“Stop twisting things,” Emma said. “He shouldn’t have—He sacrificed himself—Gold took that away—It’s not fair.”
“Death isn’t, Miss Swan. Life isn’t fair, and death doesn’t change that. But, never mind. You still haven’t told me. How were you going to bring him back? I see you left Dr. Whale out of your expedition, so I’m assuming lightning bolts aren’t part of your answer. What, then, is the plan?”
Bae. Graham. Whale. Cory knew all the details of life in Storybrooke. And Emma didn’t even notice. He didn’t know if it was her own hard-headedness or if Cory was confusing her, but this wasn’t good.
“My heart,” Emma said. “I can give him half of my heart.”
Cory bit back on a laugh. Or tried to. She put her hand over her mouth, trying to smother it without much success. “Half your heart? Really? And why, pray tell, did you think that would work?”
“It worked for my parents!”
Cory looked at pater and mater familias of Clan Charming. If anything, she seemed even more amused. “Oh, yes, I see. You foolish child, do you have any idea how difficult that is? Do you have any idea what your parents have been through to bind their souls that closely together? Do you know what it would cost you if you failed?”
“I’m willing to take the chance.”
“Obviously, or you wouldn’t be here. All right, then. I’ll help you.”
Emma’s face lit up. “You’ll let us through?”
“No, I said I’d help you. Right now, you’re on a suicide mission. The half a heart you mean to give away would die in Mr. Jones—”
“Captain,” Emma said. “He’s a captain.”
“What? Oh, no. He was never more than a lieutenant, and that was rescinded centuries ago. Something about piracy—and desertion—and murder—and treason on the high seas. I’ve spoken to a good number of people Mr. Jones killed. They tend to be rather adamant about that.”
“Well, his vital status certainly has. Oh, don’t look at me like that. If anyone’s allowed to joke about death, I certainly am. Besides, didn’t I say I was going to help you?” She smiled in a way Rumplestiltskin knew meant no good.
“Hush, Rumplestiltskin. This is between Miss Swan and myself. Well, Miss Swan? For your plan to work, your heart must be like Killian Jones’. You must feel what he feels, see the world as he sees it. You must be one in heart, and mind, and purpose. You must understand him in ways you don’t, not yet.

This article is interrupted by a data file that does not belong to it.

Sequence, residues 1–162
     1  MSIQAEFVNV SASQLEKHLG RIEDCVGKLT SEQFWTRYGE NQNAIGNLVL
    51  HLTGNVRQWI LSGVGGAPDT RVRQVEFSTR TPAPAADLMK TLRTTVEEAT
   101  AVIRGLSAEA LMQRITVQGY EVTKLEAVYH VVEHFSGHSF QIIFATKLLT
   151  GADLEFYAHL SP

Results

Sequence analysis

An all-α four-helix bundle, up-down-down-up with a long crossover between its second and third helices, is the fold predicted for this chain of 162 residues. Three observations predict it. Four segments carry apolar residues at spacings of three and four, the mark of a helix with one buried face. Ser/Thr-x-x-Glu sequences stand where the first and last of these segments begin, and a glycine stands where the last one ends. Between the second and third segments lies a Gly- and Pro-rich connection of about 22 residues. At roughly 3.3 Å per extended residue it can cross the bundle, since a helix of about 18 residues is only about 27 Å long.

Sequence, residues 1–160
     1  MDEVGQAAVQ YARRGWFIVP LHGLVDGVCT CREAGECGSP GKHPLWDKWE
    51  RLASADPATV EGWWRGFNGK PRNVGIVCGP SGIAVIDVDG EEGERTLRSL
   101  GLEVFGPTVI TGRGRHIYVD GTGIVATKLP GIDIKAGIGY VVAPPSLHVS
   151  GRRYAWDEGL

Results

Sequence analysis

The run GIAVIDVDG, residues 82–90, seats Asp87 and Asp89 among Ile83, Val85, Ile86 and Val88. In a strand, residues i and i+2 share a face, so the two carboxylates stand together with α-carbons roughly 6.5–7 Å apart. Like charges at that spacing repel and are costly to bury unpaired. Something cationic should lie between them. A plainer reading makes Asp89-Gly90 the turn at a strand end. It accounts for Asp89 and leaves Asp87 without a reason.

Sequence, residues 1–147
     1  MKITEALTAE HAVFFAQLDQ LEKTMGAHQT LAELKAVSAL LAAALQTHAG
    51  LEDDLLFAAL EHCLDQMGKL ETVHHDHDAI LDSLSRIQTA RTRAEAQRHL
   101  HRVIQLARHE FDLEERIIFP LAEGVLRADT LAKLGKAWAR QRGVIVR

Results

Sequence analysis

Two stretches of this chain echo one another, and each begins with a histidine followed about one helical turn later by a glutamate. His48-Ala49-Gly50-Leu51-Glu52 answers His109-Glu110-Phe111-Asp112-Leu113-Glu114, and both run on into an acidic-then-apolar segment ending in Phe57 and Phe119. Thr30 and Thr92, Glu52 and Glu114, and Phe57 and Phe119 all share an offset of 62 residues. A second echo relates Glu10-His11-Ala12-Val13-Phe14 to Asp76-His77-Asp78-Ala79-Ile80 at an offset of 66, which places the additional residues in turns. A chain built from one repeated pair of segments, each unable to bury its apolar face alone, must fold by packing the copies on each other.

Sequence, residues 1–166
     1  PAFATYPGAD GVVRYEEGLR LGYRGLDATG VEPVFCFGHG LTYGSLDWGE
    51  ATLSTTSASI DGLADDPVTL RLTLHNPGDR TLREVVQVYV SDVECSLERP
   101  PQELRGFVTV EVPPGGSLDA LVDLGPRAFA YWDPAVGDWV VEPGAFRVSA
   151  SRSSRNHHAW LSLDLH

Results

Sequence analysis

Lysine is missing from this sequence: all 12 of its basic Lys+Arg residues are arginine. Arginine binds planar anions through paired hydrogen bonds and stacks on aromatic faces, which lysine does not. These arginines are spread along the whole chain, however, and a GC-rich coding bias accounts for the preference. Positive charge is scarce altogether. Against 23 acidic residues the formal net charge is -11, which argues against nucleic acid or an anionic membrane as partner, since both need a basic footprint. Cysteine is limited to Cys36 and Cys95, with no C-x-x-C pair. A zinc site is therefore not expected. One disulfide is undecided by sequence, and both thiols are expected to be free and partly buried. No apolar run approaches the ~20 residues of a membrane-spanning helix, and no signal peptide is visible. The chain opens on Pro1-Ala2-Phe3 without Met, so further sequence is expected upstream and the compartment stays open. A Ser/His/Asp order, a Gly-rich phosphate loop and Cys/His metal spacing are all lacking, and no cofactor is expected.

“I’m going to give you a gift, the gift of understanding. It won’t be easy,” she warned. “There are things you must experience, things that will help you understand who Killian Jones is. Once you’ve done that, then you can come back to me.”
“Come back? I can’t wait—”
Cory folded her arms across her chest. “This is not a negotiation, Miss Swan. You get no farther in to these lands than I allow. I’ve told you my price. You can take it or leave it. I don’t really care which.”
“Miss Swan, no,” Rumplestiltskin said. “You don’t understand what she’s offering. You can’t—”
Emma turned on him. “Do you see another way? Is she telling the truth about Killian? Will he die if I don’t do this?”
“He’ll stay dead.”
“And me? If I give him my heart and he dies, what happens to me?”
Cory was watching him with her serpent’s smile. She wouldn’t let him get away with less than the truth—the whole truth. “If you give him half your heart and he dies, you’ll die, too. But, that doesn’t mean—”
“Then, I don’t really have a choice, do I?”
“There’s always a choice. Don’t—”
“No, I’ll do whatever it takes to save him.” She turned back to Cory. “It’s a deal.”
“Shake on it?” Cory said, offering her hand. Emma took it. Cory placed her other hand over Emma’s. Rumplestiltskin felt the waves of magic flowing from Cory. So did Emma, now it was too late. She struggled to pull her hand free but couldn’t.
Cory smiled. “Take my curse, Miss Swan. Or my blessing, if it seems that to you. Your dark gift from the Queen of the Dead. Sleep is the little death. When you enter it, you touch my kingdom. From now on, when you close your eyes at night, you shall dream. By these dreams, you shall come to know the man you claim to love. His soul shall be made clear to you. When you have learned what you need to learn, you may ask Rumplestiltskin to bring you back to me. We will discuss then whatever we need to discuss.” She stood up. “Now, go. My ferryman will be waiting to take you across. Rumplestiltskin, a moment? I have something else to say to you.”
He thought the others would protest Cory’s dismissal, but she didn’t give them a chance. He stood alone with her in a dark, empty room. It reminded him of the cell he had once given Belle except there were no windows. Cory’s humor was like that.